“There is a very long list of conditions for which people have claimed benefit from cannabis use,” Ware said by email. “Most of these conditions have not been formally studied in clinical trials, but intriguingly, for many such ‘claims,’ there is a body of scientific literature that provides a rationale for why cannabis might work for those conditions.”

Some of those trials are either planned or underway in Canada and elsewhere.

In the meantime, Blackmer said doctors are waiting to see if and when Prime Minister Justin Trudeau’s government will legalize and regulate the sale of recreational pot.

“We would like to see just one system,” he said. “So if marijuana is legalized for recreational use, we feel very strongly that that makes the ‘question’ around use of medical marijuana essentially moot, because it would be something that’s available to everyone for any reason, and you wouldn’t need to go through physicians and you wouldn’t need to get special dispensation.”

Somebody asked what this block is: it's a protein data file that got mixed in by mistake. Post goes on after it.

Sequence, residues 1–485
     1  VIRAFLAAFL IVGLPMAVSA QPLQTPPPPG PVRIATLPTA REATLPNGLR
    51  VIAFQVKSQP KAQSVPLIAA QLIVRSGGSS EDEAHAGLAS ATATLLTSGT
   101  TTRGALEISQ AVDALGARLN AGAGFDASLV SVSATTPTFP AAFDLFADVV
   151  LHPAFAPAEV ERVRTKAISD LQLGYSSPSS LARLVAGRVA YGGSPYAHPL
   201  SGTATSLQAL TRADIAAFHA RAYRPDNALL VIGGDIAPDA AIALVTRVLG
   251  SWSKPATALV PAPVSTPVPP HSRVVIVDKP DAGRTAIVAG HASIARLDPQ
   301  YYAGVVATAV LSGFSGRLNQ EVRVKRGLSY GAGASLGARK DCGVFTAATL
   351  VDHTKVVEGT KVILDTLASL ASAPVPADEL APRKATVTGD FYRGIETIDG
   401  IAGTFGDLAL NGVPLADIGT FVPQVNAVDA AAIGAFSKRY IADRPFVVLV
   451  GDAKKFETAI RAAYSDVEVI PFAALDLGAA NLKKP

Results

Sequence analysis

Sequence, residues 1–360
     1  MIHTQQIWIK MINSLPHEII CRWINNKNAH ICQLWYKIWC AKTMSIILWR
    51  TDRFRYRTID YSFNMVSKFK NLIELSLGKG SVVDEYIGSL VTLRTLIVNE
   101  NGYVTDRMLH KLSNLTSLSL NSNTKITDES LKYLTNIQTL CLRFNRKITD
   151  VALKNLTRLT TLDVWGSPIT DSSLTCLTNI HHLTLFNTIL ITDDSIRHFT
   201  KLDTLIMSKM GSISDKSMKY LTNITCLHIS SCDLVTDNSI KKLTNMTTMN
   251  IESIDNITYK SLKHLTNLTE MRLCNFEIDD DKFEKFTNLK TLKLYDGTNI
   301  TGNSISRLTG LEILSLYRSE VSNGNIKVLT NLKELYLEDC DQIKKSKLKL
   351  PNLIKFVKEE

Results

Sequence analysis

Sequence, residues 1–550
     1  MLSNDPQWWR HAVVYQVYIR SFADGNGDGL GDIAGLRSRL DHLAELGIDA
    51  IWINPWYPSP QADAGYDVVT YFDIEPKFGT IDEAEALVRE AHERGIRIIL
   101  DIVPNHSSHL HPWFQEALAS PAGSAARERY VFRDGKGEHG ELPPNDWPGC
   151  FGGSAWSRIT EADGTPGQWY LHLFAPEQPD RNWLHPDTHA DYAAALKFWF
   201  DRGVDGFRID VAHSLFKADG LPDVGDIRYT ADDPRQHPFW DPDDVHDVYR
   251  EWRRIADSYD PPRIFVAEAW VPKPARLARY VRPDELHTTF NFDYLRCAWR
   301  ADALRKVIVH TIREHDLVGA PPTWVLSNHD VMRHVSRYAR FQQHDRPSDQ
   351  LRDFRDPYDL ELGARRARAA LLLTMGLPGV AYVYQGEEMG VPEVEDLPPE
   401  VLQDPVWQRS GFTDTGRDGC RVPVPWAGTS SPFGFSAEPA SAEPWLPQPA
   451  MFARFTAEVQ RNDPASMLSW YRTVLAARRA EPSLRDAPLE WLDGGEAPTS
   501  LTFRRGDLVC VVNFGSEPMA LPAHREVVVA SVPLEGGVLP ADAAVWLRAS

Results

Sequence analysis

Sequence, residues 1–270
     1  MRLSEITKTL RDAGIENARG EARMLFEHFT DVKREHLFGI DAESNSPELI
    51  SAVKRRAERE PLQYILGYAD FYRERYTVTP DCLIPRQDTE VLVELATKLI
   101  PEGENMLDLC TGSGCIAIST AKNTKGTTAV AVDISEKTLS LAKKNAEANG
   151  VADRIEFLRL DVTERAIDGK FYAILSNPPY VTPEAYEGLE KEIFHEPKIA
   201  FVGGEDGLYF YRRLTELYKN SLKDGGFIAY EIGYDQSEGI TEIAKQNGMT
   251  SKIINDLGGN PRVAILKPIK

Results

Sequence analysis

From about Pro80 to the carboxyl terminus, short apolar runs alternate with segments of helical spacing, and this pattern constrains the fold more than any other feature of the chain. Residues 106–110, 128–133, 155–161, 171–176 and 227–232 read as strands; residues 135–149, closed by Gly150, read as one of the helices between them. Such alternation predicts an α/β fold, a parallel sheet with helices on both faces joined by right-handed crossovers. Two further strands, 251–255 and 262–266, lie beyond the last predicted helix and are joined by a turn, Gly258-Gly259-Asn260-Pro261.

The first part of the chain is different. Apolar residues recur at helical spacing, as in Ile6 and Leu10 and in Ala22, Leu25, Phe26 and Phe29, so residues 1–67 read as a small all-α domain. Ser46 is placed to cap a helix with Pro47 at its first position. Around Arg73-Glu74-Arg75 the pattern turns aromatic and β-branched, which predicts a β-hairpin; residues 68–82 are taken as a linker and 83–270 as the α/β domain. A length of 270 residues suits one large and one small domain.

Goodhew is anxious for that day.

“I’m supportive of the role that marijuana has in medicine. But I’m really tired of being the gatekeeper for it. And all my colleagues are,” he said.

“Not only are we the gatekeepers and have to fill out forms constantly for people with legitimate use, we’re now getting inundated with people who want a prescription so they can get the good-quality stuff at a decent price from the licensed growers … (and) we’re constantly having to turn people down.

“So the day that it becomes legal will be a day when we’re all going to breathe a sigh of relief.”